The idiom “a horse of a different color” is often used to describe something unexpected. In this case our project involved what might be more aptly described as a horse of many colors.
We were contacted by Victoria from Dallas to help with her Carousel Horse. You might think a carousel horse would be an unexpected item for a furniture restorer. But, we have had carousel horses in the shop for restoration in the past. Most are similar in that they are made of wood. Built in sections, with the limbs attached, they are carved by hand and painted in various detail to fit the theme of the carousel they will inhabit. The most recent example was different.
Victoria’s horse was made for her as a graduation gift from her mother. Although full size, this horse is not wood. It is resin cast with a urethane foam interior. Made in the 1990’s, it is hand painted and signed by the artist. Victoria has moved with her horse several times and always provided it with a good home. However, accidents happen and it is due to a simple accident that this horse came to us. Children playing nearby somehow turned over this family heirloom. The result was a broken neck.
Here you can see the horse on its’ base, and from a distance the damage isn’t extremely noticeable.
Looking a little closer, you can see the crack running all the way around the neck.
Our goal is to repair the neck, recolor the damaged areas, and send it home with no visible evidence of the accident. To do this, the break had to be realigned perfectly. As it was, the upper part of the neck and head was shifted to one side. Anytime expandable foam is used inside an object there is a fine line between enough and too much. As the foam expands it puts pressure on the container. Too much pressure and it breaks, just right pressure and it forms a solid mass. In our case the resin shell and foam interior were a solid mass. When the accident happened the shell cracked and the foam, under pressure, shifted to one side. This made realignment impossible. This fact determined our first step — we had to remove the head. Here you see the head and body separated. You can see the thickness of the resin shell and the foam inside.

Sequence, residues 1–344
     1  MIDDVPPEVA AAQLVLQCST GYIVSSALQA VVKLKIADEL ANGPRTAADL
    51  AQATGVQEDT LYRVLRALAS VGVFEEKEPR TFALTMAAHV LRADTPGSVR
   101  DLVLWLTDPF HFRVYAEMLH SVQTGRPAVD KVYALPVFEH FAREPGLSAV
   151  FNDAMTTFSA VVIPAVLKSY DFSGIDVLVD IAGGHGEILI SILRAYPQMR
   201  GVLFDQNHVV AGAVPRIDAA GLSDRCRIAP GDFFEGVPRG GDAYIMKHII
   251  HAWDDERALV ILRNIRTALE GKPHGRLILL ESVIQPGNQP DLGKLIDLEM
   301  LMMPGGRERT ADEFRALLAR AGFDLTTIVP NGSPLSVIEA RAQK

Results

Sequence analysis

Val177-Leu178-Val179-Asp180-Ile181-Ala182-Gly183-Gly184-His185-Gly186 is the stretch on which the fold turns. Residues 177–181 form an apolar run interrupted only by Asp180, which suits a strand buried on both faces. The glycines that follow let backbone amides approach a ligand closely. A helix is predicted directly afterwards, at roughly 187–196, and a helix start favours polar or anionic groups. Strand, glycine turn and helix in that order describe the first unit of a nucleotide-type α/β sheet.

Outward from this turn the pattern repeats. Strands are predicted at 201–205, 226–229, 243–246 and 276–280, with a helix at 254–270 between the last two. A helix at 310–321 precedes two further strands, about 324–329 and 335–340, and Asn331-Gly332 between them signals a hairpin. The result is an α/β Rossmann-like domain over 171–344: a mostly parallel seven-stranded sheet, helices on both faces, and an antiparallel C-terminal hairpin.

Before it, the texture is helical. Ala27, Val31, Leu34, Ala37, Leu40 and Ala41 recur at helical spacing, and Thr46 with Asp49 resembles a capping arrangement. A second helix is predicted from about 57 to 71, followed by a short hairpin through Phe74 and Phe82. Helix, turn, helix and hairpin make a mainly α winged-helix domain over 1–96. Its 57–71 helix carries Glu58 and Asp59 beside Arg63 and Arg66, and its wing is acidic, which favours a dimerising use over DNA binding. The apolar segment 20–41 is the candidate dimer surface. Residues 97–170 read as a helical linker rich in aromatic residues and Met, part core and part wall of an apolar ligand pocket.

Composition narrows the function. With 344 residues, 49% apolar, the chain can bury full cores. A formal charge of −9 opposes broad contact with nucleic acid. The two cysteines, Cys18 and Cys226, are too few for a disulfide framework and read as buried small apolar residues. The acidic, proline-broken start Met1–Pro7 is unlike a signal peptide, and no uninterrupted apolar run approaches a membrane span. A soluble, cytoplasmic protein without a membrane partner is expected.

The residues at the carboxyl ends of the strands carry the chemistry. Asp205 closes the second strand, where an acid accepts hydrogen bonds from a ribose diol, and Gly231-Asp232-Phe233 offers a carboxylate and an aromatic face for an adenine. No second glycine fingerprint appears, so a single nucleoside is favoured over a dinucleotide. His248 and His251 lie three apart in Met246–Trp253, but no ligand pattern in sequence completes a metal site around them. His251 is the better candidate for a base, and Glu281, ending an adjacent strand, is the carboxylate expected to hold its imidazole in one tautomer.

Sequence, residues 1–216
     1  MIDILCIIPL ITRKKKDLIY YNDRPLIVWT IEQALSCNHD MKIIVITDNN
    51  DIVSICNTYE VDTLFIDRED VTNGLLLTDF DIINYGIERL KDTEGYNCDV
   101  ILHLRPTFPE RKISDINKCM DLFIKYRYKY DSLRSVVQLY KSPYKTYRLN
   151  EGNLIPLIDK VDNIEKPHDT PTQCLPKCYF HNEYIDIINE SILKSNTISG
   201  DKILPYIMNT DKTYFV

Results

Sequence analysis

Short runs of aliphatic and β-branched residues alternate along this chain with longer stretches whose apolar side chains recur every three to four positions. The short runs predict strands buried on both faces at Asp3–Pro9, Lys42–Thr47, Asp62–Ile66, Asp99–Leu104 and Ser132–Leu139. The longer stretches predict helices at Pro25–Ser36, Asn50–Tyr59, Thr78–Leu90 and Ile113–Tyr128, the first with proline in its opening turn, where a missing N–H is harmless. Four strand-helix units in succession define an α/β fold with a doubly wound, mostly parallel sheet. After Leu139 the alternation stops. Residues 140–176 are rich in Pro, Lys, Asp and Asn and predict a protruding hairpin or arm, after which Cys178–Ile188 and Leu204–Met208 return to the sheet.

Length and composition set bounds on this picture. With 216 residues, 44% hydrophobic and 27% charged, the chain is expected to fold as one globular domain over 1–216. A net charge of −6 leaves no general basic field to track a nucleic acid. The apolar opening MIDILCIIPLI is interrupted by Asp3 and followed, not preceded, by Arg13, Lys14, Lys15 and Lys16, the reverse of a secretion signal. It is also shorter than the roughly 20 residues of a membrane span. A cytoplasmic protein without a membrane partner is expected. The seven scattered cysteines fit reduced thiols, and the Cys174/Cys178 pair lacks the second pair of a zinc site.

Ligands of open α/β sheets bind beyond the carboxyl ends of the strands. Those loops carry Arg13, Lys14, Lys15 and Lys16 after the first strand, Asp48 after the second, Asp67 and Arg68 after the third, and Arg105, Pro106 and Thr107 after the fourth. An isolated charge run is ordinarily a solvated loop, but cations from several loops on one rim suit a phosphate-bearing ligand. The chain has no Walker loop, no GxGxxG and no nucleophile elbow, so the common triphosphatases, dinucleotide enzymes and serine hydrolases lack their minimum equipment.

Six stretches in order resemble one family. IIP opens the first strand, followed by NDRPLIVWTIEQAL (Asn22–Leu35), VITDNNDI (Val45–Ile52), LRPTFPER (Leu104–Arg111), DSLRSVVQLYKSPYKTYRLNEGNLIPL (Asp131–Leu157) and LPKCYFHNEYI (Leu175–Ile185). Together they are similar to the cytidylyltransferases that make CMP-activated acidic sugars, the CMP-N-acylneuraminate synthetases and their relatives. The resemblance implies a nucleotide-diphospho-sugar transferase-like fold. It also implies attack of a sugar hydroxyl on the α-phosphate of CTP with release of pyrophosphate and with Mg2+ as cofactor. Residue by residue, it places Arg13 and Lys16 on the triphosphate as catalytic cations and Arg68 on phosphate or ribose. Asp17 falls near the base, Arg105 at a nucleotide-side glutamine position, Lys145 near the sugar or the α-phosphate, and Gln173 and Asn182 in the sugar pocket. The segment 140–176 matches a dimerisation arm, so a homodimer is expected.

Following separation the lower body portion is masked to protect the finish as we prepare to attach the head. We carefully carved away a small amount of the foam interior so the two pieces could be realigned. This also provided a cavity for the resin mixture that would hold the head in place.
To reattach the head we mixed an epoxy resin and “painted” it on all the surfaces that would be bonded. An additive is then mixed into the resin to thicken it. The thickened resin mixture is then poured into the cavity and the joint of the head and body. All parts are then aligned and secured in place. The resin was allowed to cure for three days to reach its maximum strength. Here you can see the head, body, and a few loose pieces are fastened in place.
After the curing process, all the clamps are removed. We are now left with an irregular line around the horse’s neck. Next small voids and paint chips are filled and sanded smooth in preperation for color matching and finish. Here you see the areas ready for color.
Vivian did a superb job of matching the colors using acrylics from Golden Artist Colors. Our friend Starr, an accomplished artist, calls these the “Maserati of acrylics” and she is right. Five different colors were needed to match the ivory body, the brown mane, the blue – gold – and red of the saddle. Glazes were then used to blend with the original glazed surfaces. Finally, a clear finish is used to protect the colors. Take a look at the final results.
We love restoration projects like this that challenge us. Your comments are always welcome.